Updated on Jun 07, 2018 09:21 AM IST

Construction is still underway at some skyscrapers, and at the stadiums being built ahead of the 2022 FIFA World Cup. Portraits of Qatar’s ruling emir, 38-year-old Sheikh Tamim bin Hamad Al Thani, are plastered across public places old and upcoming. (Kamran Jebreili / AP)

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A view inside the Mall of Qatar, in Doha. The country’s massive shopping malls are doing brisk business, particularly as people seek air-conditioned refuge from the sweltering summer heat, with temperatures exceeding 45 degrees Celsius. (Kamran Jebreili / AP) View Photos in a new improved layout
Updated on Jun 07, 2018 09:21 AM IST

A view inside the Mall of Qatar, in Doha. The country’s massive shopping malls are doing brisk business, particularly as people seek air-conditioned refuge from the sweltering summer heat, with temperatures exceeding 45 degrees Celsius. (Kamran Jebreili / AP)

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A couple takes a walk with their new born baby along the waterfront in Doha. For the citizens Sheikh Tamim remains a symbol of Qatar’s independence and defiance of the boycott. President Donald Trump, who at times has appeared to side with the boycotting nations, welcomed the emir to the White House in April. (Kamran Jebreili / AP) View Photos in a new improved layout
Updated on Jun 07, 2018 09:21 AM IST

A couple takes a walk with their new born baby along the waterfront in Doha. For the citizens Sheikh Tamim remains a symbol of Qatar’s independence and defiance of the boycott. President Donald Trump, who at times has appeared to side with the boycotting nations, welcomed the emir to the White House in April. (Kamran Jebreili / AP)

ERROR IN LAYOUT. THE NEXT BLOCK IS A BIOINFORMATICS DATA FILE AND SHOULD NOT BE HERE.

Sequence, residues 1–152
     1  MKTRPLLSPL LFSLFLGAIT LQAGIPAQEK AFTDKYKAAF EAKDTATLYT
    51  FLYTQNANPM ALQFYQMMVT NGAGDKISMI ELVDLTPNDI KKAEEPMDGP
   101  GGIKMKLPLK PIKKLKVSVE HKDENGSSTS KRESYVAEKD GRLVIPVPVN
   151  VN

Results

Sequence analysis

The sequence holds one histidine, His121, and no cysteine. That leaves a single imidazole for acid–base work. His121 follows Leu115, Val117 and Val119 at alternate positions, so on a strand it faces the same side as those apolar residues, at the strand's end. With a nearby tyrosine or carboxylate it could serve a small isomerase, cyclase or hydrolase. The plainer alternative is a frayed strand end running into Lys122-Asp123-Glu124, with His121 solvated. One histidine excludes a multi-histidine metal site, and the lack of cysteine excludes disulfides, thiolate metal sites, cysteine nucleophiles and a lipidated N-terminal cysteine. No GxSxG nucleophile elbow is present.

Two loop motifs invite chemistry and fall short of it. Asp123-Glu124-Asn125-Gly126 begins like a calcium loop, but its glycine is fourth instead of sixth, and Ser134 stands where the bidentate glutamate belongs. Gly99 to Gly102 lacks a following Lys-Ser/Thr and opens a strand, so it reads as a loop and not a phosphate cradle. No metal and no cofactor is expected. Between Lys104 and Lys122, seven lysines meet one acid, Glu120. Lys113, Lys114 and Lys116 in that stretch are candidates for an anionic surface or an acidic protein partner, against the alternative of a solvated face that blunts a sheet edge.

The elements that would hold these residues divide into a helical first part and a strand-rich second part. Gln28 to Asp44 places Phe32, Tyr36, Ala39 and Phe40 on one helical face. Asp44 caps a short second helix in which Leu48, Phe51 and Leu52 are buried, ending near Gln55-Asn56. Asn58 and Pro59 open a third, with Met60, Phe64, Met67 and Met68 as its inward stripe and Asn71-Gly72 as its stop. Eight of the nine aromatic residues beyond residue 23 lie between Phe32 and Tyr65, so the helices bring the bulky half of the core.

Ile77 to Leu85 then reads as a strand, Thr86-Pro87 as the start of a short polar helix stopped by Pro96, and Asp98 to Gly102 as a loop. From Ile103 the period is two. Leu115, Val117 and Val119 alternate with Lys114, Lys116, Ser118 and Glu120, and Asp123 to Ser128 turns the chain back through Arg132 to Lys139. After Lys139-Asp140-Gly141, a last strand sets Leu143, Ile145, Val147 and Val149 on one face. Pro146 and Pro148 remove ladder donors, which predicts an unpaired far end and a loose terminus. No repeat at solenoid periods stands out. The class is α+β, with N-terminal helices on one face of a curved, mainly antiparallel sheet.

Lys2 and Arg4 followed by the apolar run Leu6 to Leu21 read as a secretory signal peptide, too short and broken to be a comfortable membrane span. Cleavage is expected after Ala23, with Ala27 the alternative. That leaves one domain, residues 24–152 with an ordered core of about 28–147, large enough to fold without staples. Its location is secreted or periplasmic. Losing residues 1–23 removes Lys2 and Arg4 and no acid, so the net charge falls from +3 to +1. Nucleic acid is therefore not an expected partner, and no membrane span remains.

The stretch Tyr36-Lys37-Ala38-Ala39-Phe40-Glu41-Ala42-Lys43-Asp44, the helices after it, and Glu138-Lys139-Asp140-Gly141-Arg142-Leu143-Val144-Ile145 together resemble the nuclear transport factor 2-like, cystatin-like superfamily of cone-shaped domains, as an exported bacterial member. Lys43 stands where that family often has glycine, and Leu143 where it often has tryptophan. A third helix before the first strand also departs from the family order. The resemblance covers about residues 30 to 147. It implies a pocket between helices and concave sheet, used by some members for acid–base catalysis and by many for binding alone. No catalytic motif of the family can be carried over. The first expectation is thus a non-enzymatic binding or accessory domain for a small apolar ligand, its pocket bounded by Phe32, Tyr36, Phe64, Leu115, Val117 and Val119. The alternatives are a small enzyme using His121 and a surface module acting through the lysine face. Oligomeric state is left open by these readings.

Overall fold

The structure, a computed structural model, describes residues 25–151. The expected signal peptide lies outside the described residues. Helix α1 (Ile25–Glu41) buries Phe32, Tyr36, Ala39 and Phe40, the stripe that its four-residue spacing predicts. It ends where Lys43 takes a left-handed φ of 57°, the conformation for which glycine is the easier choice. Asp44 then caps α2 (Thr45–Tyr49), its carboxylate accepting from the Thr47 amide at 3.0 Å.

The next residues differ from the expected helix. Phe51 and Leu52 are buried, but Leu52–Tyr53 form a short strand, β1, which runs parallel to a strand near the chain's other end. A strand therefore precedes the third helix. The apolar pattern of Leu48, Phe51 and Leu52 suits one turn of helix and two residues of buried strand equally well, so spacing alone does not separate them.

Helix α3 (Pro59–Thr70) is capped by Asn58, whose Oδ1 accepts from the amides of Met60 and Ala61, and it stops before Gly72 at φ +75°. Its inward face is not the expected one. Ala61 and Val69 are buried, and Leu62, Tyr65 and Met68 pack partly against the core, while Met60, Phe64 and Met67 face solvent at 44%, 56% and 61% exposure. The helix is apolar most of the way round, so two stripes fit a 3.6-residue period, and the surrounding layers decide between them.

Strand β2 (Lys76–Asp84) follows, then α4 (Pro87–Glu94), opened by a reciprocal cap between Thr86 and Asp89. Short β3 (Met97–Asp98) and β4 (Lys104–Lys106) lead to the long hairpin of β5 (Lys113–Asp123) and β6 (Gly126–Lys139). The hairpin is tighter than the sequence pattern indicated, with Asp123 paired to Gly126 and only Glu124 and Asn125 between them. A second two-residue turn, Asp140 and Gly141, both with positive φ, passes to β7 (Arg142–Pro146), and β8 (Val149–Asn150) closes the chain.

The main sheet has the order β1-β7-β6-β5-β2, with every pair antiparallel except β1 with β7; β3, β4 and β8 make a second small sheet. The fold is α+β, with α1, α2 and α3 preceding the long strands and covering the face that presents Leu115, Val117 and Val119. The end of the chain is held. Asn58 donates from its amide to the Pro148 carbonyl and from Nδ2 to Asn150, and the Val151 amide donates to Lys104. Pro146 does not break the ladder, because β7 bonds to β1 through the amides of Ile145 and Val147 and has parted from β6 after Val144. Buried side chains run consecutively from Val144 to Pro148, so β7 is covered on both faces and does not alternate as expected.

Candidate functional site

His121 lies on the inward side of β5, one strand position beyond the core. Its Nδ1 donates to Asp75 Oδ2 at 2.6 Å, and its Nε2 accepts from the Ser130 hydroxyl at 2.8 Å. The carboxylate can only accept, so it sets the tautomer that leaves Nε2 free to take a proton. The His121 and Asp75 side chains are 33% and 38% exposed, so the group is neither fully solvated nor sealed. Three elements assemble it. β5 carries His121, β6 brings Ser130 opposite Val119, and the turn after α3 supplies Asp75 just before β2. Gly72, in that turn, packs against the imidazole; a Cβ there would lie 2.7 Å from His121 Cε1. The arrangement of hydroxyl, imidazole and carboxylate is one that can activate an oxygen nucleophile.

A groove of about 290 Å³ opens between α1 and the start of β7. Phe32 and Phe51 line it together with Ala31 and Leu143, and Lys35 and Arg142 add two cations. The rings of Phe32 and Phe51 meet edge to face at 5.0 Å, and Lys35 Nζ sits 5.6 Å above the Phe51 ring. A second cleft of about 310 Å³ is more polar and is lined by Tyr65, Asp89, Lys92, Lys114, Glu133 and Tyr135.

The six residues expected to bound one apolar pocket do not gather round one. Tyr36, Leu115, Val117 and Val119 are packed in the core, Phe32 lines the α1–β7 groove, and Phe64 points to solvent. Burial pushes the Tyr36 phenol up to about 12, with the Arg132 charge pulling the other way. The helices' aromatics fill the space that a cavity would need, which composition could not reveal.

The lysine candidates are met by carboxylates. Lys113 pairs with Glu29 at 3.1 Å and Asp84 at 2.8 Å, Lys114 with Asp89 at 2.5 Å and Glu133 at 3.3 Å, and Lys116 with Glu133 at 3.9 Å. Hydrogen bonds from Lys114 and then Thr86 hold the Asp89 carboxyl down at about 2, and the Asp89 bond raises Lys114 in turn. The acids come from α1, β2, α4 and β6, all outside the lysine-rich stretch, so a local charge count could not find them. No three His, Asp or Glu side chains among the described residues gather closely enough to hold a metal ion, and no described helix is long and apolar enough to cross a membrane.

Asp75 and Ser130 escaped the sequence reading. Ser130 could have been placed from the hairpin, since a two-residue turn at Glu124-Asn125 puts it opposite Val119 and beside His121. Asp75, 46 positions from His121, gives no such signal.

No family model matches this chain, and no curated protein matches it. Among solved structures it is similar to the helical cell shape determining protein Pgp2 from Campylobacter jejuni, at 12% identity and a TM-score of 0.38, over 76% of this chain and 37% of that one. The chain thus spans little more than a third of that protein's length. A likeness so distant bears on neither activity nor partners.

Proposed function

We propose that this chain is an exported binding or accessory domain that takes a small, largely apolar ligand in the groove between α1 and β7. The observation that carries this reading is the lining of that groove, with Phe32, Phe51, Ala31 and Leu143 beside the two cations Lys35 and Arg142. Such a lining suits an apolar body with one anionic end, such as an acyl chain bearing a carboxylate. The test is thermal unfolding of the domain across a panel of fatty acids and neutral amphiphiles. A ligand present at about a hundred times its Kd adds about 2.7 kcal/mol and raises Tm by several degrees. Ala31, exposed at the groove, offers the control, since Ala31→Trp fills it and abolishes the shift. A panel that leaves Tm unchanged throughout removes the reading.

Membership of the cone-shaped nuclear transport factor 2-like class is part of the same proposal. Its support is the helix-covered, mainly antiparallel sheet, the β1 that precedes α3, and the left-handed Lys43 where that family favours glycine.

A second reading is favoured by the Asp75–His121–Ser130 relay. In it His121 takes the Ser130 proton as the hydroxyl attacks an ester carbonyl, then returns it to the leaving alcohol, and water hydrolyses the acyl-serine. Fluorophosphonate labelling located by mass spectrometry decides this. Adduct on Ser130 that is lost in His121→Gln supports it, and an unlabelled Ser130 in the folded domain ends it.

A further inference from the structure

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People leave the Qatar National Library building designed by Dutch architecture firm OMA in Doha. Qatar strongly denies supporting terrorism, but backs the Muslim Brotherhood and other Islamist groups outlawed as terrorists by the boycotting nations. It has also long maintained warm ties with Saudi Arabia’s archrival Iran, with which it shares a large underwater gas field. (Kamran Jebreili / AP) View Photos in a new improved layout
Updated on Jun 07, 2018 09:21 AM IST

People leave the Qatar National Library building designed by Dutch architecture firm OMA in Doha. Qatar strongly denies supporting terrorism, but backs the Muslim Brotherhood and other Islamist groups outlawed as terrorists by the boycotting nations. It has also long maintained warm ties with Saudi Arabia’s archrival Iran, with which it shares a large underwater gas field. (Kamran Jebreili / AP)

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Qatari police officers in national dress, wearing crisscrossing bandoliers, patrol on horseback, a nod to a time before Qatar’s vast natural gas wealth when rifle-carrying cavalry defended the emirate. Today, Qatar has a modern military and hosts some 10,000 American forces at the vast al-Udeid Air Base. So far though, this dispute has only been one of words. (Kamran Jebreili / AP) View Photos in a new improved layout
Updated on Jun 07, 2018 09:21 AM IST

Qatari police officers in national dress, wearing crisscrossing bandoliers, patrol on horseback, a nod to a time before Qatar’s vast natural gas wealth when rifle-carrying cavalry defended the emirate. Today, Qatar has a modern military and hosts some 10,000 American forces at the vast al-Udeid Air Base. So far though, this dispute has only been one of words. (Kamran Jebreili / AP)